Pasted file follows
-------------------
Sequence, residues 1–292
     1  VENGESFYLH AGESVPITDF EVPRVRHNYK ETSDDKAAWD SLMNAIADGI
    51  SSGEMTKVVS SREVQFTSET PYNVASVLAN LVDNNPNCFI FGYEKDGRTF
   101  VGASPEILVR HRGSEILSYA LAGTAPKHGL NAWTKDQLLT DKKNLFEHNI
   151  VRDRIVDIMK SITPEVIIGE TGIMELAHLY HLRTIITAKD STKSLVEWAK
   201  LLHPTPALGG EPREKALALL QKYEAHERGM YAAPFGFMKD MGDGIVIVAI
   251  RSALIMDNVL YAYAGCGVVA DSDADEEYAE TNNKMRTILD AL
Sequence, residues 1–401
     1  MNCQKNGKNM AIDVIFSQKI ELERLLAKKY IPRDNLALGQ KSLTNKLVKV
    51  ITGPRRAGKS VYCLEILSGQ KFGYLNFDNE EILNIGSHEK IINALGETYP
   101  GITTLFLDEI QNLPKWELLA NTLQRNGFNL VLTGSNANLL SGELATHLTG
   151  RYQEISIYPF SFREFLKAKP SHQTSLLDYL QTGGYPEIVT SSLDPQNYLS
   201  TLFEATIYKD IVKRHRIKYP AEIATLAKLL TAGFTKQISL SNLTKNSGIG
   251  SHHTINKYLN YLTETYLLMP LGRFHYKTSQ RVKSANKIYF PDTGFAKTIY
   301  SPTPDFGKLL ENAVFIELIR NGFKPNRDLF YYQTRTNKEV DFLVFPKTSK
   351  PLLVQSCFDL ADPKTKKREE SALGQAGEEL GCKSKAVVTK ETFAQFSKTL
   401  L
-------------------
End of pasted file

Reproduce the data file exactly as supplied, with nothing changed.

Sequence, residues 1–292
     1  VENGESFYLH AGESVPITDF EVPRVRHNYK ETSDDKAAWD SLMNAIADGI
    51  SSGEMTKVVS SREVQFTSET PYNVASVLAN LVDNNPNCFI FGYEKDGRTF
   101  VGASPEILVR HRGSEILSYA LAGTAPKHGL NAWTKDQLLT DKKNLFEHNI
   151  VRDRIVDIMK SITPEVIIGE TGIMELAHLY HLRTIITAKD STKSLVEWAK
   201  LLHPTPALGG EPREKALALL QKYEAHERGM YAAPFGFMKD MGDGIVIVAI
   251  RSALIMDNVL YAYAGCGVVA DSDADEEYAE TNNKMRTILD AL
Sequence, residues 1–401
     1  MNCQKNGKNM AIDVIFSQKI ELERLLAKKY IPRDNLALGQ KSLTNKLVKV
    51  ITGPRRAGKS VYCLEILSGQ KFGYLNFDNE EILNIGSHEK IINALGETYP
   101  GITTLFLDEI QNLPKWELLA NTLQRNGFNL VLTGSNANLL SGELATHLTG
   151  RYQEISIYPF SFREFLKAKP SHQTSLLDYL QTGGYPEIVT SSLDPQNYLS
   201  TLFEATIYKD IVKRHRIKYP AEIATLAKLL TAGFTKQISL SNLTKNSGIG
   251  SHHTINKYLN YLTETYLLMP LGRFHYKTSQ RVKSANKIYF PDTGFAKTIY
   301  SPTPDFGKLL ENAVFIELIR NGFKPNRDLF YYQTRTNKEV DFLVFPKTSK
   351  PLLVQSCFDL ADPKTKKREE SALGQAGEEL GCKSKAVVTK ETFAQFSKTL
   401  L